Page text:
Here’s my response to last week’s Meta Exercise. Since Julio Cortázar used a narrative piece of art, a novel, to construct his excellent short short. I thought I’d give myself a challenge and try to do the same thing with a less experiential sort of art, in this case, sculpture. Points to anyone who can identify the sculptor.
Inside the museum, she allowed herself to be politely interested in the art, the pale statues he loved so much, David twisting back his arm, a grim set to his mouth, Poseidon’s hand against Persephone’s thigh, hands sunk into the cool marble as if it were a marshmallow. He had arranged for this private trip to the museum; he had paid for their first class plane tickets to Rome, but that was to be expected.
At first, she’d found his attentions in the bar where she worked flattering but overwhelming. His lavish words and gifts masked a paucity of spirit, a blindness, an inability to admire things for anything more than the surface.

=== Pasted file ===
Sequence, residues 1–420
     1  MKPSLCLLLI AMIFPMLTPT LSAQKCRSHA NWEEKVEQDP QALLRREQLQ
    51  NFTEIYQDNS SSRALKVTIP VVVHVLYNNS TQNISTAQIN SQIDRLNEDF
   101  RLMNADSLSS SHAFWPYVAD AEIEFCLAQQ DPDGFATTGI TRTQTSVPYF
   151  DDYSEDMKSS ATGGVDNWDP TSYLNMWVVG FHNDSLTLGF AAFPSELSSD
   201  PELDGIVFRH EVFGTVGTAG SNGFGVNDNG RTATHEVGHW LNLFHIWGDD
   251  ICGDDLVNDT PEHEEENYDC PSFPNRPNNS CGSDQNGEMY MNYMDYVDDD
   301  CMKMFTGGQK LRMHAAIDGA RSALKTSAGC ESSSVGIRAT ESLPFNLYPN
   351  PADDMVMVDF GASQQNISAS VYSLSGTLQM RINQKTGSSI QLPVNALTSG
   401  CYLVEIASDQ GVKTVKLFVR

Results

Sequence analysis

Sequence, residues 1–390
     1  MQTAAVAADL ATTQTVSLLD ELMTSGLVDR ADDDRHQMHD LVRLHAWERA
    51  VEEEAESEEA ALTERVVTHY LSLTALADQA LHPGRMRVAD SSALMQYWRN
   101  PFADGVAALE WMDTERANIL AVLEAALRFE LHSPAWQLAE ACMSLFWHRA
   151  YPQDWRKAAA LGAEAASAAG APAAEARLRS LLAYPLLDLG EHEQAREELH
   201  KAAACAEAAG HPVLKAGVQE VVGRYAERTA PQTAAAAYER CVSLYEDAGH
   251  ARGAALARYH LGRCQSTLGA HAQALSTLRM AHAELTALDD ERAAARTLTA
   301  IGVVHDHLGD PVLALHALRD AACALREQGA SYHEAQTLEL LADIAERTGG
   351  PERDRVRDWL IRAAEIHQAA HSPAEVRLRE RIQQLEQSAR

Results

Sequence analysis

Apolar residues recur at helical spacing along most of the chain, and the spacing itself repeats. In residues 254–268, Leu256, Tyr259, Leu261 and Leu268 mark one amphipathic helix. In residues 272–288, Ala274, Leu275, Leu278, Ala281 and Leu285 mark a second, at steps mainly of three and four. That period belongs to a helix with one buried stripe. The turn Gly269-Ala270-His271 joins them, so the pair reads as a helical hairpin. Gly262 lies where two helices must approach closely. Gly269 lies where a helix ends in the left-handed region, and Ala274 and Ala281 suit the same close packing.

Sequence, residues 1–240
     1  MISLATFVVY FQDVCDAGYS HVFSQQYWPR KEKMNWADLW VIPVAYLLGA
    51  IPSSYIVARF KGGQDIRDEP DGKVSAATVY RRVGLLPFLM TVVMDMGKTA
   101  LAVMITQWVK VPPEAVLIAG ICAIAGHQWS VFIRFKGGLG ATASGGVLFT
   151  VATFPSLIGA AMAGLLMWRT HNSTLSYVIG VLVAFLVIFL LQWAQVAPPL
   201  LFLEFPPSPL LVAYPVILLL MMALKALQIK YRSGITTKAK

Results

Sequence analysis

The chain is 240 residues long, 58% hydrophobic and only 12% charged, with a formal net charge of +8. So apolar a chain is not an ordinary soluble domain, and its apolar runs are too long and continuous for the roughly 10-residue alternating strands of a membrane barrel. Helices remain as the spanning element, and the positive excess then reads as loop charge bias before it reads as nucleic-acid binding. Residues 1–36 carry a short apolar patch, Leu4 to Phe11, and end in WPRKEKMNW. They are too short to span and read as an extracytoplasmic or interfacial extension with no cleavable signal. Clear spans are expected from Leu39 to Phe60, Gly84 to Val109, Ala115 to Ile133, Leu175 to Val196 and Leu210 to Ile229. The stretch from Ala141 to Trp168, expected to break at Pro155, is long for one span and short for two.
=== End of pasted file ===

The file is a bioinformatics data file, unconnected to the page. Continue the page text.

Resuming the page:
At his request, their guide left them in a small room at one corner of the museum. He had wanted to look at a particular sculpture, by themselves, in the quiet. Her boredom faded as she stood beside him, studying it. The sculptor caught two lovers in a moment of passion. He reached out, determined to hold her in his arms, cape blown back by the breeze. She, her hair flying, stood perched on a precipice, hands stretched up, fingers and toes already sprouting leaves, bark snaking up her waist.
In the museum, he stepped behind her, one hand slipping toward her waist, and she turned her head back toward him, open-mouthed, silent, lost.